8 Reasons Why Rome Still Calls

PCA Pastor and Former Catholic on the ways Rome appeals to those who have left

In the postmodern, emergent, post-Christian church hungry to try and connect with first century Christianity I’ve often said we should stop monkeying around with all of the candles and just go back to Rome if we’re going to go this route. Rome has better sets, costumes, props, and scripts. I’ve been in the Sistine chapel and it is a feast for the eyes. There is a scene from the movie the Godfather II where a priest goes through an old neighborhood with the elevated Monstrance (essentially a holder for the consecrated Eucharist) and worshippers follow, fawn, and kiss it. Believe it or not, this harkens back to my childhood many times when I actually thought Jesus was inside of it.

 

1. It represents the religion of my youth
I grew up Roman Catholic, attended Catholic Grammar School and high school. I was a member of a Catholic youth group the Columbian Squires, and the State Chief Squire of California. My friends, family, and social group were all Catholics. There is a strong sense of common values and community in the local Catholic Church that is often rarely duplicated in the local Protestant church.

2. It pulls on my legalism
Our fallen ‘natural’ setting is that of works. And as Michael Horton has said the entire ceremony of the mass is designed as a theology of approach. From the act of confession prior to the Mass, dipping the hand in holy water, genuflection, up to the moment of ‘consecration’ of the Eucharist, it is all designed to purify the parishioner to make him worthy of receiving Christ. It gives me something to do. The Mass is the quintessential ‘do better’ meal.

3. It draws on my idolatry
All eyes were on Rome with the election of a new pope. We long inside for a worshipful connection to God, ever since being booted from the Garden for our self-worshipping idolatry. Augustine said, “Our hearts our restless until we find rest in thee.” Our legitimate, God-ordained mediator is Jesus Christ but our fallen hearts are temporarily satisfied with a flesh-and-blood man in white with red shoes as the “Vicar of Christ.” The problem comes when the mediator retires- no idol ever promised, “I’ll never leave you or forsake you.”

4. It mesmerizes my eyes.
In the postmodern, emergent, post-Christian church hungry to try and connect with first century Christianity I’ve often said we should stop monkeying around with all of the candles and just go back to Rome if we’re going to go this route. Rome has better sets, costumes, props, and scripts. I’ve been in the Sistine chapel and it is a feast for the eyes. There is a scene from the movie the Godfather II where a priest goes through an old neighborhood with the elevated Monstrance (essentially a holder for the consecrated Eucharist) and worshippers follow, fawn, and kiss it. Believe it or not, this harkens back to my childhood many times when I actually thought Jesus was inside of it.

5. It appeals to my lack of faith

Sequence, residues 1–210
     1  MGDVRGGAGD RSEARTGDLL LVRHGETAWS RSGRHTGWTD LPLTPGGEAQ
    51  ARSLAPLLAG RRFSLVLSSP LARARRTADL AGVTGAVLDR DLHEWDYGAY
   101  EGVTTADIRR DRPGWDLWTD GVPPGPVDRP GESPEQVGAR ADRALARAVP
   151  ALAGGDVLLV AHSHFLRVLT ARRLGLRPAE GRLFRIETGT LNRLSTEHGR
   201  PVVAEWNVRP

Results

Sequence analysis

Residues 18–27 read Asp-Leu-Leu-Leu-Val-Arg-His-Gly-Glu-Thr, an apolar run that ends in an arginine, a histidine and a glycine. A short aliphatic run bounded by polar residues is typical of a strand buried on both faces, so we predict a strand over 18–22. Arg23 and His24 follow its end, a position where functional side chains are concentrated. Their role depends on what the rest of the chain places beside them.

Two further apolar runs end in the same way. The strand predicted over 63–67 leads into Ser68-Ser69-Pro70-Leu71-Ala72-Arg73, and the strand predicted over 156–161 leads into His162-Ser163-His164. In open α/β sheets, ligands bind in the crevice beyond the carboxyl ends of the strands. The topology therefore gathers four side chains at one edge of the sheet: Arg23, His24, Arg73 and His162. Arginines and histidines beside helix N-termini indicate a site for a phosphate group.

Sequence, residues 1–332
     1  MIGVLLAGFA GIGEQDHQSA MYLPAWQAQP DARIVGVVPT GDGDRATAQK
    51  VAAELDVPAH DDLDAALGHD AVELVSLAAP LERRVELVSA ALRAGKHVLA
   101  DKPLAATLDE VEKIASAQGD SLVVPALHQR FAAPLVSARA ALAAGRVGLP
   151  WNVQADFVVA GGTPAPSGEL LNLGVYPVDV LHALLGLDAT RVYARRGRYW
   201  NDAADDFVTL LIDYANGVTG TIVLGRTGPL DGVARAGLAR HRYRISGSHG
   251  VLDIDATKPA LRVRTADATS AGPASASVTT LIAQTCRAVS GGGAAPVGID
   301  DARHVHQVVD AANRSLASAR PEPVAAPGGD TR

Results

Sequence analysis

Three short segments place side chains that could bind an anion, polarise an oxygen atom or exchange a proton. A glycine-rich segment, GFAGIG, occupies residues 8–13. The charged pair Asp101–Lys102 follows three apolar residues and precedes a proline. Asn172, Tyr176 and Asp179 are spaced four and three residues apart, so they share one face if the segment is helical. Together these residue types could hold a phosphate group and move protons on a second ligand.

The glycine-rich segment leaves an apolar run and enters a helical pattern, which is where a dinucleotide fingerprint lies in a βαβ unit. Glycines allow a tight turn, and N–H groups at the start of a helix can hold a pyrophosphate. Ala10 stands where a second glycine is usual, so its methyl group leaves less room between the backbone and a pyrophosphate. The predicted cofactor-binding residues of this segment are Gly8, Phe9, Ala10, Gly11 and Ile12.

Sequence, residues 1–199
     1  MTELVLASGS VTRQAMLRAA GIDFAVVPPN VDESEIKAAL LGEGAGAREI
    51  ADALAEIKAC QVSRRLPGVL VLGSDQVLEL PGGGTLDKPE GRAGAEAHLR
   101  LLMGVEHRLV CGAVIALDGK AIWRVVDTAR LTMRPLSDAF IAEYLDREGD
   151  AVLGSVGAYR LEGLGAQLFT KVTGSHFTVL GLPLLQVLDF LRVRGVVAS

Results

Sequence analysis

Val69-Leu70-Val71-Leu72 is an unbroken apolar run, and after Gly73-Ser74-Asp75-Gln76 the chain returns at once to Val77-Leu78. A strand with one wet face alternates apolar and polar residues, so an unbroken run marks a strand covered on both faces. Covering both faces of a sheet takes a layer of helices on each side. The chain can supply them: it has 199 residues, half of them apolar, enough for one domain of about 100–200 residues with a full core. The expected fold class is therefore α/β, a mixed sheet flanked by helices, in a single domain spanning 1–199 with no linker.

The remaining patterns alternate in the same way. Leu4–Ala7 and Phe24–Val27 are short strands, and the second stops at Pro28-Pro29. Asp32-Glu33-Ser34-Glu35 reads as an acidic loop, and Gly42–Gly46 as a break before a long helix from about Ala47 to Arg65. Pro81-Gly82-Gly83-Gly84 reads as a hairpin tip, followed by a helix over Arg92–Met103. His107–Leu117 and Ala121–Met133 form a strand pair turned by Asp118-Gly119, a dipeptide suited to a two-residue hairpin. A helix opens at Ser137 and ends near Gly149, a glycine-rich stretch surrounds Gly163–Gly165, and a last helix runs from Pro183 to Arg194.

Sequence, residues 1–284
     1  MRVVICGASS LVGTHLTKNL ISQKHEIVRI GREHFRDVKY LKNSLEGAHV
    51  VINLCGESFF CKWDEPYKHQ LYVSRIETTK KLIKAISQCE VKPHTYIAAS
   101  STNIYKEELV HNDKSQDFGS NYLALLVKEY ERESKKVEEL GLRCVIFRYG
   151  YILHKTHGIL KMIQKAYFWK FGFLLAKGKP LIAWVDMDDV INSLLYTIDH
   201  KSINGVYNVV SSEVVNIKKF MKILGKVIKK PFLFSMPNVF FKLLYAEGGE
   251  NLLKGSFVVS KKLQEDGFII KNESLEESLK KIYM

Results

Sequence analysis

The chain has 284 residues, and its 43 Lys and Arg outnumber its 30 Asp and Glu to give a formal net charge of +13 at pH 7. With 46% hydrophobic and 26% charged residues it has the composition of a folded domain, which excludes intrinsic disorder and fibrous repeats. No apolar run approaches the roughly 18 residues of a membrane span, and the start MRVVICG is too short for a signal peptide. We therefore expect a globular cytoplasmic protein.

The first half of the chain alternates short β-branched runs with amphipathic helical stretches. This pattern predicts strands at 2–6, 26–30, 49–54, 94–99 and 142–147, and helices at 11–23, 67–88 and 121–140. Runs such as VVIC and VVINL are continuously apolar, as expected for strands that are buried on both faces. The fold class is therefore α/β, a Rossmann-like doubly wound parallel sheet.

Faith is the evidence of things hoped for, the substance of things not seen. Rome’s posture is exactly opposite of this. In arguing with Catholics over images priests told Calvin that images help people who cannot read to understand the Bible. Calvin said, “Teach them to read.” Growing up Catholic I saw Jesus on the cross every Sunday, St. Patrick in the school hallway, Mary stepping on a snake, baby Jesus with a small globe. They were just part and parcel of my youth. You don’t need faith to be a Catholic. It is literally right in front of your eyes.

6. It teeters on the mystical
The “smells and bells,” the elevation of the Eucharist, the sparkle priestly robes, the twinkle of the candles hark back to a time when people actually believed in something holy. A remarkable thought in our present day profane society. And this taps into the postmodern value of one’s experience is what is true, a recapturing of Eden, of what seems now to be lost to us.

7. It permits my autonomy
There is the “official Roman Catholic Doctrine” reflected in Church Councils and in the catechism, papal decrees and such. Then there is what the average Catholic believes. And the gap between the two is wider than the Grand Canyon. Ever since the Reformation the Roman Catholic Church has essentially lost its teeth to enforce its doctrine. So the average Catholic can believe what he or she wants, appealing to a plethora of saints, or not, divorcing and remarrying for a fee (I know because this happened to my parents). I can be a ‘good Catholic’ and virtually believe whatever I want, mix in whatever I want and stay in the good graces of the church.

8. It legitimizes my isolation
No matter how long I stay away that I can always come back. Official Catholic doctrine states I am one of the “separated brethren.” Rome’s current thrust is seen in their program “Catholics Come Home.” The door is open. And like the old commercial for Motel 6, “We’ll leave the light on.” The only problem is that there is darkness inside.

Dr. Christopher Faria, D. Min, Ph.D., is a retired Army Chaplain and PCA Teaching Elder Church Planter at Westminster Presbyterian Fellowship in Falcon, Colorado.

×

Give The Aquila Report to 100 friends for only $5. / 9 days left in the 2014 matching funds campaign. Donate now!